PETALING JAYA: The Selangor zakat board fears it may have insufficient funds to provide financial aid to those eligible, or asnaf, as it expects lower zakat collection this year due to the wave of retrenchments as companies struggle to stay afloat in the economic crisis.
The Lembaga Zakat Selangor (LZS) said it expected to collect up to RM800 million this year, compared to almost RM900 million in 2019.
This is because over 70% of the annual zakat collection comes from business and individuals’ income tax.
While the number needing assistance has increased gradually over the years in Selangor, LZS estimated a surge of up to 80,000 families needing assistance this year. The prolonged crisis could push the number higher, it said.
“There were more than 60,000 families which required assistance last year. Many of them were previously zakat contributors but now they are listed as the new asnaf,” LZS’s CEO Saipolyazan M Yusop told FMT.
According to the Socio-Economic Research Centre, the unemployment rate could hit 6.5% by the end of the second quarter. Quoting figures from Socso, the think tank said 53,952 lost their jobs between January and July 4, exceeding the figure for the whole of last year.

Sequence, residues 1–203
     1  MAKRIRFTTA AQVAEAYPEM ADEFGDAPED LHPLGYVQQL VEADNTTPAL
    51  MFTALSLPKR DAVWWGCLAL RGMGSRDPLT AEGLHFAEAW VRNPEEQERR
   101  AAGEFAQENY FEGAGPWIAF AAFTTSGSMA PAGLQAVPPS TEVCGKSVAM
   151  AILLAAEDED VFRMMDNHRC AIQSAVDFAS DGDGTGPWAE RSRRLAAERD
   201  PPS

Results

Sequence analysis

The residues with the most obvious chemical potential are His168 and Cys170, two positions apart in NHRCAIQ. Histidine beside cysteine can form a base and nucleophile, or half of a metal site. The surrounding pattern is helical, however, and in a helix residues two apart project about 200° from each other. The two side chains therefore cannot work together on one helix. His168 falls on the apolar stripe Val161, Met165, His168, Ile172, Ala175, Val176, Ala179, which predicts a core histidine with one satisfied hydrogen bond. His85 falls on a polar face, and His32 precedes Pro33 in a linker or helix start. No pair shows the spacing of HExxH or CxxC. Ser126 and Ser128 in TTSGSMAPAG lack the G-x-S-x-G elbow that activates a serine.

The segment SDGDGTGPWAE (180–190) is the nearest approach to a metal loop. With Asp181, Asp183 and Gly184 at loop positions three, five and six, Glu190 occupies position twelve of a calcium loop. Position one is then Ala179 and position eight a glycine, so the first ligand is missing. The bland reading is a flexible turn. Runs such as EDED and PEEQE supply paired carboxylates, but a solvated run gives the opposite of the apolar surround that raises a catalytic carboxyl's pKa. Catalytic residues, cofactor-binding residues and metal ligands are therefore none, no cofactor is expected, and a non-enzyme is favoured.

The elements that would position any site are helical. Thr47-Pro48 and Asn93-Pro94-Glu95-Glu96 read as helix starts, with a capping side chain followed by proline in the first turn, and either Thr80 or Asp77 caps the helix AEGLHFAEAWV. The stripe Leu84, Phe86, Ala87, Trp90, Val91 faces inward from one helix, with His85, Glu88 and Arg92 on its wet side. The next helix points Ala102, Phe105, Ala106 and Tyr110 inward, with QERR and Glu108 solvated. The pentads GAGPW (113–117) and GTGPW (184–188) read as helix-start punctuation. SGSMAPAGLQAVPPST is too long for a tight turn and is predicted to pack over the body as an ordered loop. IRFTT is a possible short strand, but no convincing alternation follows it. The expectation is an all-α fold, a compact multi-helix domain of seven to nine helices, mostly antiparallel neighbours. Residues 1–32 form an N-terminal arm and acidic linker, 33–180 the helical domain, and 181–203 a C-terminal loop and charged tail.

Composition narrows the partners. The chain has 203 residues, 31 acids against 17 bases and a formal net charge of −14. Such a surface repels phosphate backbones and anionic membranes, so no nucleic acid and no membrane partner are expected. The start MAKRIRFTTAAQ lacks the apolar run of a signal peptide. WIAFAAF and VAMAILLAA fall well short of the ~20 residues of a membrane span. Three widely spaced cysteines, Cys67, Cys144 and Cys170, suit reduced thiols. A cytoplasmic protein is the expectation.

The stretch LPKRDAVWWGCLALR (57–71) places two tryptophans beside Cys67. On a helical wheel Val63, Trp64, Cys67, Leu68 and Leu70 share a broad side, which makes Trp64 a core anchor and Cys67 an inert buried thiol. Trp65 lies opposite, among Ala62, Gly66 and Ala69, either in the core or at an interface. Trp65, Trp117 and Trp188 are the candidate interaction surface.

This figure only covers contributors to Socso’s Employment Insurance System and does not take into account some 2.7 million who are self-employed.
Meanwhile, Mustapa Mohamed, the minister in charge of economic affairs, had warned that the poverty rate would likely increase in tandem with individual per capita income, which had doubled from 15 years ago.
Mustapa said the income per capita was about RM20,000 in 2005, and had since increased to RM45,000.
Saipolyazan said LZS might cut some of its financial assistance to cater to the growing number of people in need of financial help and to ensure no needy family was left behind.
“LZS might reduce or suspend the non-critical financial assistance such as the housing assistance, disaster relief and equipment supply.
“For the time being, we’re focusing the zakat collection solely for basic living expenses monetary aid,” he said.
To solve the problem of insufficient funds, LZS had devised a post-Covid-19 collection strategy where it would focus on sectors and industries that were less impacted by the crisis.
“LZS is focusing on the monthly zakat contribution from the government sector and some of the services sectors such as food supply, security and financial services,” he said.
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